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When the Experimental Aircraft Association's airshow opens in Oshkosh, Wisconsin in July, the taller tower may be active. The snow will be long gone, and by 2009's event, so will the old tower. (Jim Koepnick)

Then & Now: Towering Achievement

Frozen moments as time marches on

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A backdrop in thousands of pictures taken each year at the Experimental Aircraft Association’s week-long gathering in Oshkosh, Wisconsin, the Wittman Regional Airport air traffic control tower is one of the world’s most recognizable. During EAA’s AirVenture, held at Wittman every summer since 1970, the tower becomes the world’s busiest. But wear and tear is taking a toll, and the old building is nearing its end.

“Structurally and mechanically, it’s a nightmare,” says airport director Peter Moll. “It’s pretty much in the old, original condition. There’s no elevator. In fact, when they built it, they didn’t have cranes. It was all concrete block and brick that was hauled up on scaffolding and placed by hand.”

Work began on the tower in 1962, after Miron Construction came in with the lowest bid: $161,125. Opened the following year, the 70-foot-tall building was located just west of Basler Flight Service, on the north end of the then-35-year-old airport, known at the time as Winnebago County Airport.

In 1968, the tower needed to be moved so that controllers could see Runway 18/36, which had moved south to its current location. The 900-ton building was gently hoisted onto special dollies and towed inches at a time by a six-wheel truck. The mile-long trip took two weeks. At its new home, a taller foundation was built. That elevated air traffic controllers an additional 15 feet, giving them a better view of the airport, which by then had grown from 75 acres to 300.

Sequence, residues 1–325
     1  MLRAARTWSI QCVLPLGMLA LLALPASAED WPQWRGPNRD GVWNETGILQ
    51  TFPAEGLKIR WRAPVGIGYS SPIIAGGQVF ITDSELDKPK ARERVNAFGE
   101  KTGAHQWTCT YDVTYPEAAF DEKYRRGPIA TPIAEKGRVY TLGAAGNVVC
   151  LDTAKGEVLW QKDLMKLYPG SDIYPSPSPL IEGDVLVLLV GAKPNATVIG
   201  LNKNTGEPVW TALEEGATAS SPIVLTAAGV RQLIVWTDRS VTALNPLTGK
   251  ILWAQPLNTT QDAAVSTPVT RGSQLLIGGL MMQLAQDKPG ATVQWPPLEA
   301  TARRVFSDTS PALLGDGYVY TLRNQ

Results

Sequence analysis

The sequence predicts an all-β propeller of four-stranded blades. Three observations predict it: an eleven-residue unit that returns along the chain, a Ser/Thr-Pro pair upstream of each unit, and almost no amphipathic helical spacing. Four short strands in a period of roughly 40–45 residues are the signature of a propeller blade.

In 1999 after a structural analysis showed the need for renovations, and federal standards required installing an elevator, officials decided that building a new tower would be more practical and cost-efficient.

The new location, at the corner of Knapp Street and Waukau Avenue, has the benefit of being close to sewer and water lines, and, at 120 feet high, the tower will give controllers the best possible view of the four runways on the airport’s 1,400 acres. The tower’s bigger cab will house more controllers, a definite plus during the summer airshow, when at any given time 15 to 20 controllers are working (the rest of the year, two are on shift). There is also an expanded telecommunications room, a bigger equipment room for radio transmitters and voice and data recorders, and a natural-gas emergency generator that replaces one that ran on diesel fuel.

As for cost, the tower is coming in “right around $7 million,” says Moll.

Though the tower won’t be completed until early 2009, the airport hopes to have the tower help out during this year’s fly-in, which runs from July 28 to August 3. By then, the new cab will be able to house some controllers and minimal equipment.

Once the new tower is fully operating, the old one will be torn down. Why not try to preserve it? It blocks the new tower’s view of one of the taxiways. “By FAA standards,” says Moll, “ you can’t have any structure blocking the view of any operational services, so it has to come down.” With its demise, the old tower will have finally passed the baton, and airshow visitors next year will find they have a brand new backdrop for all those keepsake photos.

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